NPD’s Weekly Tracking Service reported that up to $96 million in revenue was obtained from the sale of about half million smartwatches between October last year and June this year.
Ben Arnold, an analyst for NPD Group said that it seems like we are on the edge of version 2.0 with smartwatches. “We’ve got all these new announcements from Samsung, and the Android Wear watches from LG and Motorola, and I feel like this new generation of smartwatches is making the device actually smart,” he added.
The amount sold might seem like a lot, but it is nothing much compared to $330 that was obtained from the digital fitness market. This shows the smartwatches still have a long way to go.
But what is holding the smartwatches back? Ben Arnold says it is the software. It is the type of applications that are available for watches that is holding hem back, Arnold said.
Applications like Google Now are very powerful for those who know how to use them but many people do not know how to use them and some do not even know that they exist.
“I feel like the applications that are making smartwatches interesting at this point are still kind of things that [only] tech-savvy and early adopters know about,” Arnold said.
For the age of smartwatches and wearables in general to become a reality, consumers need to be more aware of the software available for them and how the software will improve their lives.
There are apps like Runkeeper and Evernote that are very important for smartwatches but many people are not aware that they can be useful in wrist form.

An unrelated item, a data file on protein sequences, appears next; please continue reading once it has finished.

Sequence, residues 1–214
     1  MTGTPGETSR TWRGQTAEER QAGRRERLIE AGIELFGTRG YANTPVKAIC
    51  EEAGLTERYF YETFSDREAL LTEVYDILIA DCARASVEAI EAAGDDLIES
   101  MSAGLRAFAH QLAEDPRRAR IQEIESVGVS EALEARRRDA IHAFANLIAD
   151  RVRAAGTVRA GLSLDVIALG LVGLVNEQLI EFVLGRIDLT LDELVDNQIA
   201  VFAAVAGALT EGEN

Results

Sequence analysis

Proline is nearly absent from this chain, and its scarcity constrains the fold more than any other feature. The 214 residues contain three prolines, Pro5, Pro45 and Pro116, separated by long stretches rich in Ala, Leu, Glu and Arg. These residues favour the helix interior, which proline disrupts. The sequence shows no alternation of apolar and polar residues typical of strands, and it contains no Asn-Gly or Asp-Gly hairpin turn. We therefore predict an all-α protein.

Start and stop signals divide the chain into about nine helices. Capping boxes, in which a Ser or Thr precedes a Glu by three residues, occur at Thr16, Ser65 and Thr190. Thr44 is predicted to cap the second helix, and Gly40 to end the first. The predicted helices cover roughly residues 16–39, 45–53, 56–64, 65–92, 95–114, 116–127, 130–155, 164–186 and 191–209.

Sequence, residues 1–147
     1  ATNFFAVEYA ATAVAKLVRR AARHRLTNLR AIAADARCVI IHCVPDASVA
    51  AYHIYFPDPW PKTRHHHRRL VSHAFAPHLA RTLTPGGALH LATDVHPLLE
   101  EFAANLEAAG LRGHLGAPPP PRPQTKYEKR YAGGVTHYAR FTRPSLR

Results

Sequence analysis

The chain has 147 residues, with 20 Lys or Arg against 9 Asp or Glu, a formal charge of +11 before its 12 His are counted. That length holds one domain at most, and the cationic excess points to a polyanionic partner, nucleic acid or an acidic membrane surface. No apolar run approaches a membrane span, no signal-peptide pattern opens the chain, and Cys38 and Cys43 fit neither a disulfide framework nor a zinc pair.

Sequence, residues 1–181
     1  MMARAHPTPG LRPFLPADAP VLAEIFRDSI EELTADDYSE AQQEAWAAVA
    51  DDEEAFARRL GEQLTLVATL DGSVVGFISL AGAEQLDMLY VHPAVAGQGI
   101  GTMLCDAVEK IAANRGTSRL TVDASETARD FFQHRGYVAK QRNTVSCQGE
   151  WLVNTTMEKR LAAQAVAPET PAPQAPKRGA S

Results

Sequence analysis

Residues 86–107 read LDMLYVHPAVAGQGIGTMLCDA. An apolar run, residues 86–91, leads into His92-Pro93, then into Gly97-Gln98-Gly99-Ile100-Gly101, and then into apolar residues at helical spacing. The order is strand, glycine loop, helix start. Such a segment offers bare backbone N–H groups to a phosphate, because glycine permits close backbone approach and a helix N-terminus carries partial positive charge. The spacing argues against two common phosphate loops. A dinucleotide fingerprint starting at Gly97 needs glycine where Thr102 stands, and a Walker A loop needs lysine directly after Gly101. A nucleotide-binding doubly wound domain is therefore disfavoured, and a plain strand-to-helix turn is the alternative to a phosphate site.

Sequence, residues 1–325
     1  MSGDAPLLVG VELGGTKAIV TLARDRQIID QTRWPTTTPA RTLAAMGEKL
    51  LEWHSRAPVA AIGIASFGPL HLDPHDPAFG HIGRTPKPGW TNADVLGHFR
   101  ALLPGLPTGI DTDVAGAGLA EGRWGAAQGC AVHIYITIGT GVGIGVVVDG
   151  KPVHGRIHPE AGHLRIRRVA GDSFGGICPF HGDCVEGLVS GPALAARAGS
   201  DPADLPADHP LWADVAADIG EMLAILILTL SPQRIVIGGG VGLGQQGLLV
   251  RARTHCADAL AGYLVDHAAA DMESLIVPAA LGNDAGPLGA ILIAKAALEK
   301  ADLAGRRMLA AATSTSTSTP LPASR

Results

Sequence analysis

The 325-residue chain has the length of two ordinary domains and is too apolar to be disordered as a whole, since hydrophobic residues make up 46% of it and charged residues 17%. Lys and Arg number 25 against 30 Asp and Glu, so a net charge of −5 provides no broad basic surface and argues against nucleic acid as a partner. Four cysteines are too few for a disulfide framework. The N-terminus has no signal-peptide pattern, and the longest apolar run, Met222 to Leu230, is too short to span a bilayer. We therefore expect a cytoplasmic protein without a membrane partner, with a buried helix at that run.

Apple is also missing from the scene; a factor that might be contributing to a slow take-off. Arnold believes that if Apple could put out a smartwatch its loyalists would easily take notice of this category and this might mark its transition from the tech-savvy club to the general consumer market.
Another main issue is the price. The price of smartwatches fluctuates between $150 and $300. This is out of reach of the majority of consumers. But this might change if many players enter this market to bring competition.
There is also another problem with smartwatches right now and that is the design. Many smartwatches are not designed with women’s wrist in mind. They are bulky in design, a feature that is not appealing to women since their wrists are usually narrow.
The smartwatch industry is currently transitioning from industrial to fashion design and it would be wise if they took a cue from the design of fitness trackers; these are designed for all types.
One serious barrier to the growth of smartwatches industry is the fact that people nowadays tend to use their mobile phones to check time. And mobile phones have greater penetration even to the low income earners.
If all these barriers are overcome we may enter into the smartwatch age, but it isn’t far may be by the end of this year this might be achieved.